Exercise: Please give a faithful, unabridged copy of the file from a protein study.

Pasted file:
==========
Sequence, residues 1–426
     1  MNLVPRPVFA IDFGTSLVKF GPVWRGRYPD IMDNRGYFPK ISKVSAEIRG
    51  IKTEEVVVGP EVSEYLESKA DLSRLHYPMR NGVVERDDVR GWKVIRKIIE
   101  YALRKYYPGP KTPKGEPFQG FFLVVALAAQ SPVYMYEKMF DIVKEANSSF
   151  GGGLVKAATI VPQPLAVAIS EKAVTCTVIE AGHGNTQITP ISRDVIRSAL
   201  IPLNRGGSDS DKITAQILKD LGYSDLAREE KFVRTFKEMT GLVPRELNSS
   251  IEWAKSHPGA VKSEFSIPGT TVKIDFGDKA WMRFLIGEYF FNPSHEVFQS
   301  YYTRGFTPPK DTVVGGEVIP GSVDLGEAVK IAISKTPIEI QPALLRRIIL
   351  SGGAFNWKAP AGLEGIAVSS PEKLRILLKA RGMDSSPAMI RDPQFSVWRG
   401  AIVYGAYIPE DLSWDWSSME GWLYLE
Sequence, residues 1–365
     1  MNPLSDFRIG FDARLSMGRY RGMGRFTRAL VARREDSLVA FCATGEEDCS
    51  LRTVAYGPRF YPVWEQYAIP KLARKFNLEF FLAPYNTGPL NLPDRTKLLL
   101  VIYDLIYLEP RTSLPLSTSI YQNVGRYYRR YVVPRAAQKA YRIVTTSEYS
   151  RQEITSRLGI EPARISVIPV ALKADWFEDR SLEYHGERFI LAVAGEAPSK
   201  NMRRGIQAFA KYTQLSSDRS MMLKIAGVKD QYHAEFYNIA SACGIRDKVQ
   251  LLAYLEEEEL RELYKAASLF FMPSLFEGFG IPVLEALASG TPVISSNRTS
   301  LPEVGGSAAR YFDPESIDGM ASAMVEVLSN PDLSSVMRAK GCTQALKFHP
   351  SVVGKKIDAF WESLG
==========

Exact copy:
Sequence, residues 1–426
     1  MNLVPRPVFA IDFGTSLVKF GPVWRGRYPD IMDNRGYFPK ISKVSAEIRG
    51  IKTEEVVVGP EVSEYLESKA DLSRLHYPMR NGVVERDDVR GWKVIRKIIE
   101  YALRKYYPGP KTPKGEPFQG FFLVVALAAQ SPVYMYEKMF DIVKEANSSF
   151  GGGLVKAATI VPQPLAVAIS EKAVTCTVIE AGHGNTQITP ISRDVIRSAL
   201  IPLNRGGSDS DKITAQILKD LGYSDLAREE KFVRTFKEMT GLVPRELNSS
   251  IEWAKSHPGA VKSEFSIPGT TVKIDFGDKA WMRFLIGEYF FNPSHEVFQS
   301  YYTRGFTPPK DTVVGGEVIP GSVDLGEAVK IAISKTPIEI QPALLRRIIL
   351  SGGAFNWKAP AGLEGIAVSS PEKLRILLKA RGMDSSPAMI RDPQFSVWRG
   401  AIVYGAYIPE DLSWDWSSME GWLYLE
Sequence, residues 1–365
     1  MNPLSDFRIG FDARLSMGRY RGMGRFTRAL VARREDSLVA FCATGEEDCS
    51  LRTVAYGPRF YPVWEQYAIP KLARKFNLEF FLAPYNTGPL NLPDRTKLLL
   101  VIYDLIYLEP RTSLPLSTSI YQNVGRYYRR YVVPRAAQKA YRIVTTSEYS
   151  RQEITSRLGI EPARISVIPV ALKADWFEDR SLEYHGERFI LAVAGEAPSK
   201  NMRRGIQAFA KYTQLSSDRS MMLKIAGVKD QYHAEFYNIA SACGIRDKVQ
   251  LLAYLEEEEL RELYKAASLF FMPSLFEGFG IPVLEALASG TPVISSNRTS
   301  LPEVGGSAAR YFDPESIDGM ASAMVEVLSN PDLSSVMRAK GCTQALKFHP
   351  SVVGKKIDAF WESLG